The broad story seems to be that the newspaper world, which was once built on big city newspapers, is polarizing towards a crop of, in effect, national newspapers and a larger universe of much smaller ones that are intensely local in their focus. The Post, for a series of reasons, seems to be getting caught betwixt and between by that polarizing trend.

One personal note, though, that I should add. I'm sometimes caustically critical of the Post -- particularly a few specific reporters and members of the editorial page. And I've always had an instinctive preference for the New York Times, though I freely grant that's in part a matter of cultural prejudice of a sort. When I'm travelling or getting on a train and want something to read, for instance, I'll almost always grab the Times rather than the Post.

Yet, writing TPM day in and day out for years now has given me a certain brass-tacks way of evaluating the quality of reportage over time. Allow me to explain. I do a fair amount of original reporting for this site. But most of what I do is, inevitably, a matter of mining other news sources for bits and pieces of information and piecing them together with other pieces of information, showing too-little-noticed connections or explaining or trying to interpret their meaning.

Over time you get a good sense of which news outlets consistently generate new information and which don't. And by this measure -- on the issues I follow closely, which I'd say are foreign policy, defense policy, intelligence and national politics -- the Post consistently outclasses the Times, particularly on the first three topics. When it comes to who's generating fresh information rather than summarizing the story a few days later or relying on hand-fed stories, my experience putting together this site tells me I usually end up finding new information -- which stands up over time -- in the Post.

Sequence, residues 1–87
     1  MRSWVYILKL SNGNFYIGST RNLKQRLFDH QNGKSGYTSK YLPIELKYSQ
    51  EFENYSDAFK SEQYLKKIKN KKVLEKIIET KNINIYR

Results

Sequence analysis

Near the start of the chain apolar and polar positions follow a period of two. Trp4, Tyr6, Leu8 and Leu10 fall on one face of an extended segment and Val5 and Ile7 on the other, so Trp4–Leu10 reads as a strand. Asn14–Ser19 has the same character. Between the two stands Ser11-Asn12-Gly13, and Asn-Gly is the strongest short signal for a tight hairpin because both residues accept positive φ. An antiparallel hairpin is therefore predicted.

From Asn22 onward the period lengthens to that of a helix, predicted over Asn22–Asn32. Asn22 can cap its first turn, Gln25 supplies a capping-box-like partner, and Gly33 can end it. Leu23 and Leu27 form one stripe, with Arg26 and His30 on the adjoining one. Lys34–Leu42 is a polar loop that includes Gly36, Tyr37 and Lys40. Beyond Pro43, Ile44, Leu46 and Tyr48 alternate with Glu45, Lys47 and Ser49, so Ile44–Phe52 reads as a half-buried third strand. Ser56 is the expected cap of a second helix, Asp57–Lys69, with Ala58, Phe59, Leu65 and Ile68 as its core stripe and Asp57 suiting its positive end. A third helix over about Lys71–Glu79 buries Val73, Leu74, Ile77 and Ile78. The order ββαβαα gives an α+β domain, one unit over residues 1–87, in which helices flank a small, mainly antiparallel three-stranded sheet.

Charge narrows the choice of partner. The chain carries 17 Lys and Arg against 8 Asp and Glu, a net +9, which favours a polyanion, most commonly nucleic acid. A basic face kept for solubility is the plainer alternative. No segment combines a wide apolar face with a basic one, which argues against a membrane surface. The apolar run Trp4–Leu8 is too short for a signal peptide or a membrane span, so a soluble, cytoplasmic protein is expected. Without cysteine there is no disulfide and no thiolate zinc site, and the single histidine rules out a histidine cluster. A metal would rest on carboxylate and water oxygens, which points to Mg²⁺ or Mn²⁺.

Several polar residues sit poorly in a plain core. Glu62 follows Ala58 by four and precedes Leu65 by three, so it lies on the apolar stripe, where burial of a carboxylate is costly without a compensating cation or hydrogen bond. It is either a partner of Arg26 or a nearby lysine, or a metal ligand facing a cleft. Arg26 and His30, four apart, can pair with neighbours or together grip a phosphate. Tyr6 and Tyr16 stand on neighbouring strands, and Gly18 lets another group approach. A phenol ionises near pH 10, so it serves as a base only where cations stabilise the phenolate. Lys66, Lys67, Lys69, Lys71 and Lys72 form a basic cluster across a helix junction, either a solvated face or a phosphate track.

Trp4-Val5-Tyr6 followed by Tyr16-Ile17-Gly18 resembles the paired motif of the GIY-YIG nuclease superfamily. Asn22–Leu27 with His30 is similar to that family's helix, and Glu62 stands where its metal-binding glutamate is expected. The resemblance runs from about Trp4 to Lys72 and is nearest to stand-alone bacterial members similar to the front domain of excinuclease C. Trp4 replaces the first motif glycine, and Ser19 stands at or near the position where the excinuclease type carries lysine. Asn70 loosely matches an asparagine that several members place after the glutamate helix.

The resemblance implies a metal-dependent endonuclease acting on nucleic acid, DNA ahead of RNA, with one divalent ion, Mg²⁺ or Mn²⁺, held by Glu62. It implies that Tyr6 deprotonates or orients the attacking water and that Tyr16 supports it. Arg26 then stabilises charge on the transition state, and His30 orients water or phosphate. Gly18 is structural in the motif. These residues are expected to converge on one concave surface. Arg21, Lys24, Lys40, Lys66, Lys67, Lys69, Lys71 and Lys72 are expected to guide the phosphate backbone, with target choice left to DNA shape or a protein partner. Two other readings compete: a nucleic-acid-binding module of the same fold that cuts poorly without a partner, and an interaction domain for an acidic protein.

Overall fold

Needless to say there are a number of Times reporters on these topics who are first-rate, peerless and a number at the Post who, to put it coarsely, suck. But on balance -- and to some degree to my surprise -- that's my experience.

A different take (see post from last night) on what the new presidential Air National Guard payroll records mean -- this from Reuters: "Some of President Bush's missing Air National Guard records during the Vietnam War years, previously said to be destroyed, turned up on Friday but offered no new evidence to dispel charges by Democrats that he was absent without leave."

Of course, the fact that the White House has wrangled this issue down to poring over a million different records that I myself can hardly keep track of means they've largely neutralized this issue through that classic Washington method of the death of a thousand docs.

An article in the Post reports that a special prosecutor in Mexico, Ignacio Carrillo Prieto, has asked a judge to issue an arrest warrant for former Mexican President Luis Echeverria. The charges involve an attack in 1971 in which security forces killed at least thirty student protestors in Mexico City.

As the article notes, "bringing charges against Echeverria also marks a milestone in Mexico's efforts to investigate the government's so-called dirty war against pro-democracy activists from the 1960s to the 1980s."

What strikes me though is that the crime he would be charged with is "genocide."